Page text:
The editorial categories are research topics that have guided researchers during the recovery phase and continue to be the impetus behind the Documents Project’s digital archive and the Critical Documents book series. Developed by the project’s Editorial Board, each of the teams analyzed this framework and adapted it to their local contexts in developing their research objectives and work plans during the Recovery Phase. Learn more on the Editorial Framework page.
These remarks by Karel Appel, founder of the COBRA Group (COpenhagen-BRussels-Amsterdam) were on his 1976 trip to Peru that was then under nationalist military rule. He tells about his arrival to the country and the steps taken to create a mural with the participation of the inhabitants of Villa El Salvador, the largest “young town” (slum) in Lima. To that effect, he obtained the informal consent from the local authorities, as well as support with materials supplied by a paint factory. Appel then started working on the walls of the then Municipal bank with the support and intervention of the neighbors. After the artist had returned to Europe, the residents continued the work on the mural, even though they did so destructively. When shown photographs of individuals of the Villa defacing the mural with political inscriptions and graffiti, Appel commented ironically, “the people have now finished my mural and it looks really pretty.”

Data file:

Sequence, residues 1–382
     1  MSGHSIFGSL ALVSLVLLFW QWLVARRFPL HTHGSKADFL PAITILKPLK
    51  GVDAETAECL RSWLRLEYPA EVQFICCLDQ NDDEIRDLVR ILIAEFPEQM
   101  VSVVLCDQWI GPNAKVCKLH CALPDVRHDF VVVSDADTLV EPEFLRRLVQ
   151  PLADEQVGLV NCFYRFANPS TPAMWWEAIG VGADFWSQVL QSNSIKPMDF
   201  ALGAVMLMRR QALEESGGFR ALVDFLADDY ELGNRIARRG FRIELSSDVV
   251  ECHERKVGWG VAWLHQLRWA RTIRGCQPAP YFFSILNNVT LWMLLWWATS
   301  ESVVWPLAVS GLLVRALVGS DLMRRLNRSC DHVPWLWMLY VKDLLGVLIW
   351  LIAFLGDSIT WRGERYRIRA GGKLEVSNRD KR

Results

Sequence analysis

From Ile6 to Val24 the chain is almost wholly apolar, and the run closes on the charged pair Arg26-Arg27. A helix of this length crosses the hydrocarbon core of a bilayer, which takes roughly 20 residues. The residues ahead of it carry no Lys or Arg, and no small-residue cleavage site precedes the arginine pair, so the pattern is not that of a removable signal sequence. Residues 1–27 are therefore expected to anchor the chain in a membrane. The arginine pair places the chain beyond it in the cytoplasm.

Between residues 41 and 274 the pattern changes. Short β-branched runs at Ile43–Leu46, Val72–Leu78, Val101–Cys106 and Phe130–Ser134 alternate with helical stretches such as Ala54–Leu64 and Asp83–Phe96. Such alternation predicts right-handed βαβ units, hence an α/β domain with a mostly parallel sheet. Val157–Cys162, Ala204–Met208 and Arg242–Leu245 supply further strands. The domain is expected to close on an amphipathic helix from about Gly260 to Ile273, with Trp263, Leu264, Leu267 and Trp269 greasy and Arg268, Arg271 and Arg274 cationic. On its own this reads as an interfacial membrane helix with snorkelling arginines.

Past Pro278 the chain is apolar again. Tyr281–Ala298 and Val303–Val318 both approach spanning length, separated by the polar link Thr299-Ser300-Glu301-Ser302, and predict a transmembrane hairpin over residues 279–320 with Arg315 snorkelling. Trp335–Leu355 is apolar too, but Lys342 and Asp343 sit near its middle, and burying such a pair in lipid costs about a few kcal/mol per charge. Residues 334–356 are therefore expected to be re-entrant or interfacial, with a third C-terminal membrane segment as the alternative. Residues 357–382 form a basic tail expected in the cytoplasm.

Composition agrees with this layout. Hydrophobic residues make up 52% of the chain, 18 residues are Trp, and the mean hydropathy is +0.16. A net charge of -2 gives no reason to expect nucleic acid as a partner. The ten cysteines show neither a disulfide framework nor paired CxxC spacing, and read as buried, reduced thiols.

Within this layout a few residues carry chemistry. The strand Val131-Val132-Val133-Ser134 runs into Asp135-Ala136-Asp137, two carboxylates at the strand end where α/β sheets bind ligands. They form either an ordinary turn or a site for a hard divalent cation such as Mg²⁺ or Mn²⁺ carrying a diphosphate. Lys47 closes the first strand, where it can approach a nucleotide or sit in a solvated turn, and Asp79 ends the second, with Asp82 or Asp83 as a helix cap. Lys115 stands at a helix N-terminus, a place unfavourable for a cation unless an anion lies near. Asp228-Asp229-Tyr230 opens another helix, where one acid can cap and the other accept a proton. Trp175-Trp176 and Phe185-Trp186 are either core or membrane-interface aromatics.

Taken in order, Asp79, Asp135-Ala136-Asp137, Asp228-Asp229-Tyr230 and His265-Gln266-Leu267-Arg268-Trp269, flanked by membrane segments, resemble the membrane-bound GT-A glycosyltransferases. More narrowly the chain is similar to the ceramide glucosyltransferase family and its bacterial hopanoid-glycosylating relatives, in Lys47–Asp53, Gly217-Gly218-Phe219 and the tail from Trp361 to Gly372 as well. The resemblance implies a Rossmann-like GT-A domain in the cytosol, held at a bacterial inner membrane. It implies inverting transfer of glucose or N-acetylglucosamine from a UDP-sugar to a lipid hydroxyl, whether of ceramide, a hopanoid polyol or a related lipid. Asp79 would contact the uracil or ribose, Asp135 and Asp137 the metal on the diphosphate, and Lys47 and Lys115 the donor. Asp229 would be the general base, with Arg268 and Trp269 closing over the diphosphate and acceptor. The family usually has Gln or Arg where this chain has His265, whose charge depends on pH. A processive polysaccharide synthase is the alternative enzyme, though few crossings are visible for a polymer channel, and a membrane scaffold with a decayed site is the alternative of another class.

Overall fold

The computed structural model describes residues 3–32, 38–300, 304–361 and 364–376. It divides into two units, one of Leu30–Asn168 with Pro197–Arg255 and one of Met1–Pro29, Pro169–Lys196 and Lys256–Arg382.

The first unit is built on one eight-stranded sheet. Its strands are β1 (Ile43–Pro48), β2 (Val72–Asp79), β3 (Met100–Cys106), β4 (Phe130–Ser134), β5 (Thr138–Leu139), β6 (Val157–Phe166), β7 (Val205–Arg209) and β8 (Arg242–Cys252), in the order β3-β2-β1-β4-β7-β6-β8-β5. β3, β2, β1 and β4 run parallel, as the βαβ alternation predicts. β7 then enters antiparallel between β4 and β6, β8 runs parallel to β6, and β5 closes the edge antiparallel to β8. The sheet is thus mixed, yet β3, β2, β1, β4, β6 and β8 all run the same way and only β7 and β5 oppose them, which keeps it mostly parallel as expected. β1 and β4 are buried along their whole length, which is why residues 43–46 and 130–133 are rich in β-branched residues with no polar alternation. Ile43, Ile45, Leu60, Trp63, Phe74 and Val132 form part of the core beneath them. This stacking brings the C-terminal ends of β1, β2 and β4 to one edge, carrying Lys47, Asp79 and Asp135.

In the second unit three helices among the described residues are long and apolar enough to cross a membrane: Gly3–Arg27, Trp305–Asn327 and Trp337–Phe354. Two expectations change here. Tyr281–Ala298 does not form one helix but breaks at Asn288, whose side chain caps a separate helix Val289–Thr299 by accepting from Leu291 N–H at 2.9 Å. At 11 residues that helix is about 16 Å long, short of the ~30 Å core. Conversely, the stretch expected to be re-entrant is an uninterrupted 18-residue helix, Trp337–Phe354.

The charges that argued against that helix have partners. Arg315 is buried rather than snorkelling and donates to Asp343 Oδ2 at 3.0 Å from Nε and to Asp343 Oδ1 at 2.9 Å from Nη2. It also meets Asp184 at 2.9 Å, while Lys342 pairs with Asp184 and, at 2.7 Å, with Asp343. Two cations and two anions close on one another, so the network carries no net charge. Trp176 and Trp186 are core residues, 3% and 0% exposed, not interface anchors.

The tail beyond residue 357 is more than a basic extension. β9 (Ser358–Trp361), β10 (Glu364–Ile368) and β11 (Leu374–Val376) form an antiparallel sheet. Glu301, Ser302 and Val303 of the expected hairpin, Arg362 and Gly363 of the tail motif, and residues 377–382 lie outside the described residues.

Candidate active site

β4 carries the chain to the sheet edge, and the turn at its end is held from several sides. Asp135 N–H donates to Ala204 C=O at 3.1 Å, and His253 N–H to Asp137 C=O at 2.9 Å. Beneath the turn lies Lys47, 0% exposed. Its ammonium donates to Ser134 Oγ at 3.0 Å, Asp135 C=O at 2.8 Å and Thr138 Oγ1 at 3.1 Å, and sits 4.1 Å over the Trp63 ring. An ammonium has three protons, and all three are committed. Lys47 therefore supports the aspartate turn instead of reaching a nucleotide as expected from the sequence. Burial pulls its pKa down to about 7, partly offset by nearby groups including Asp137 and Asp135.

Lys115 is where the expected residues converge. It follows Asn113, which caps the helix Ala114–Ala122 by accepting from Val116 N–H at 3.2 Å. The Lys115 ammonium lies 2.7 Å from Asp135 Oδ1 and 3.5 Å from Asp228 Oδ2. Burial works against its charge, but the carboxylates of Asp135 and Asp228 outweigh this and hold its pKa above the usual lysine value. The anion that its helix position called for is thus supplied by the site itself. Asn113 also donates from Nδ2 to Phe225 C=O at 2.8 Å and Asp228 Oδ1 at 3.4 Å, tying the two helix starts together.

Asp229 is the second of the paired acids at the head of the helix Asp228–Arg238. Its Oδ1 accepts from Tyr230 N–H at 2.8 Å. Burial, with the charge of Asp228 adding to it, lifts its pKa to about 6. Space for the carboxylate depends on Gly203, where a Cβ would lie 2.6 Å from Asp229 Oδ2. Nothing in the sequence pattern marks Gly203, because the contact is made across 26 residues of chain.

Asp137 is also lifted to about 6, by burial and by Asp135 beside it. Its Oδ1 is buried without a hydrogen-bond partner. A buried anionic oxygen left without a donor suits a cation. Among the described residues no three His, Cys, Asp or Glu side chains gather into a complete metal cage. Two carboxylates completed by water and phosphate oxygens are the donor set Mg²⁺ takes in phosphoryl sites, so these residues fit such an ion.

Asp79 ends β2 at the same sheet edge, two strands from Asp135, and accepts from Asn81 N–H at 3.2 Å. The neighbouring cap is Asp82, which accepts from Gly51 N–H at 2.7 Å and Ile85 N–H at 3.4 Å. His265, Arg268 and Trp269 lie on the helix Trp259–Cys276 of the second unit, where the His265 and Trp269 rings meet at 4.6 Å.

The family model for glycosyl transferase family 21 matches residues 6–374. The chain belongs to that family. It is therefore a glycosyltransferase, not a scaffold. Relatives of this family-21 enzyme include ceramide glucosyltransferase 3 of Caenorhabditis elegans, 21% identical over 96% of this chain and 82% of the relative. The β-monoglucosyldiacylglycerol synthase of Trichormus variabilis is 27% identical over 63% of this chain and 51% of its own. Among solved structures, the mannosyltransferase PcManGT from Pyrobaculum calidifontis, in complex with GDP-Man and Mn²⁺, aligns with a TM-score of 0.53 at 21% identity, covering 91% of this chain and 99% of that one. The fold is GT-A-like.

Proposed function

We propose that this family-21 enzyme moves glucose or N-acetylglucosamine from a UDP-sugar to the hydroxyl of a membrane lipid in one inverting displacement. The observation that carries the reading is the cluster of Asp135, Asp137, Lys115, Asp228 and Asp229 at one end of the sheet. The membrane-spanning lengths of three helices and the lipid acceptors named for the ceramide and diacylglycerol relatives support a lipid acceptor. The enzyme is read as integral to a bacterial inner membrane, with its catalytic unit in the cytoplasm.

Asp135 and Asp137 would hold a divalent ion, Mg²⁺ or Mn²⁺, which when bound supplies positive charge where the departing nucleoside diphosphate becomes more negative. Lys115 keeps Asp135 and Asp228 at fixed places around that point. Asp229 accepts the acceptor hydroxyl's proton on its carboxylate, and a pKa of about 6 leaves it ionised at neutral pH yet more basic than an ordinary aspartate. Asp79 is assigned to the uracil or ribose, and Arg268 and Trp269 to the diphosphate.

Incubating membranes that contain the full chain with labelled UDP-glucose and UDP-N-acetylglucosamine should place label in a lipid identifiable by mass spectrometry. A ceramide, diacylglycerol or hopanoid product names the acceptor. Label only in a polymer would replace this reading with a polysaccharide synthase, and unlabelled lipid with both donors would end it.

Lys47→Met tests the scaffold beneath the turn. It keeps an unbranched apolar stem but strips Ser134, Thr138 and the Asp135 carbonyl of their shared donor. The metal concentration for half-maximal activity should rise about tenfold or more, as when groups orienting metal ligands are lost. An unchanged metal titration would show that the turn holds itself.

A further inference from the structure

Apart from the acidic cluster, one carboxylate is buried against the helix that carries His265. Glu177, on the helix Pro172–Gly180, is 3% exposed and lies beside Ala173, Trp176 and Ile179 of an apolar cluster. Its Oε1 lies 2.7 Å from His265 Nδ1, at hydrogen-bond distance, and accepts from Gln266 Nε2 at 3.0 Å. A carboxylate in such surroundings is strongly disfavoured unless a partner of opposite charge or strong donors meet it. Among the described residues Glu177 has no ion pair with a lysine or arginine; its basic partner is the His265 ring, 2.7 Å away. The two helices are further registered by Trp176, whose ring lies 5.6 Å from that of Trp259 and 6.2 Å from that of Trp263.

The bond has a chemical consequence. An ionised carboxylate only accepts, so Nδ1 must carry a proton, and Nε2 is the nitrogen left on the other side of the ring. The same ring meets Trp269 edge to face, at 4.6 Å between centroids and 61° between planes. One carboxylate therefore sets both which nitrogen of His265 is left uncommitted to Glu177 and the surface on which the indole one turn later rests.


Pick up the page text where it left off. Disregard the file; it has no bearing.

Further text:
Almost a decade after the participatory collective mural project was carried out in Villa El Salvador, Appel gave this testimony on the event. Originally, he was attracted by the communal managerial vocation of the community, coupled with the range of reforms taken under military rule that were still ongoing. However, a few months prior General Morales Bermúdez (1975– 80) had ousted General Juan Velasco Alvarado (1968–75) from the leadership of that national process. The optimism and perhaps naiveté of this first-hand chronicle can be summarized in two ways: by the use of the term “Indians” describing the inhabitants of the slum, and for using a title such as “Kerouacianas,” a clear allusion to the novelist and poet Jack Kerouac and the various meanings that the word “voyages,” portrayed in his famous novel “On the Road” (1957), provided to the Beatnik generation. Incidentally, another important poet of that movement, Allen Ginsberg, appeared together with the French art critic Pierre Restany among those responsible for the archetypical countercultural book that collected this valuable chronicle. [For further reading, please refer to the ICAA digital archive for the following texts: [“El retablo es ‘Folclor Dadá’ y es arte, opinó plástico holandés Karel Appel: ‘lo que vio en la Escuela de Artes Plásticas no era arte’, dijo…”] (without author) (doc. no. 865535); and “Pintores peruanos continuarán labor del artista Karel Appel” by Felipe Adrianzén (doc. no. 865553)].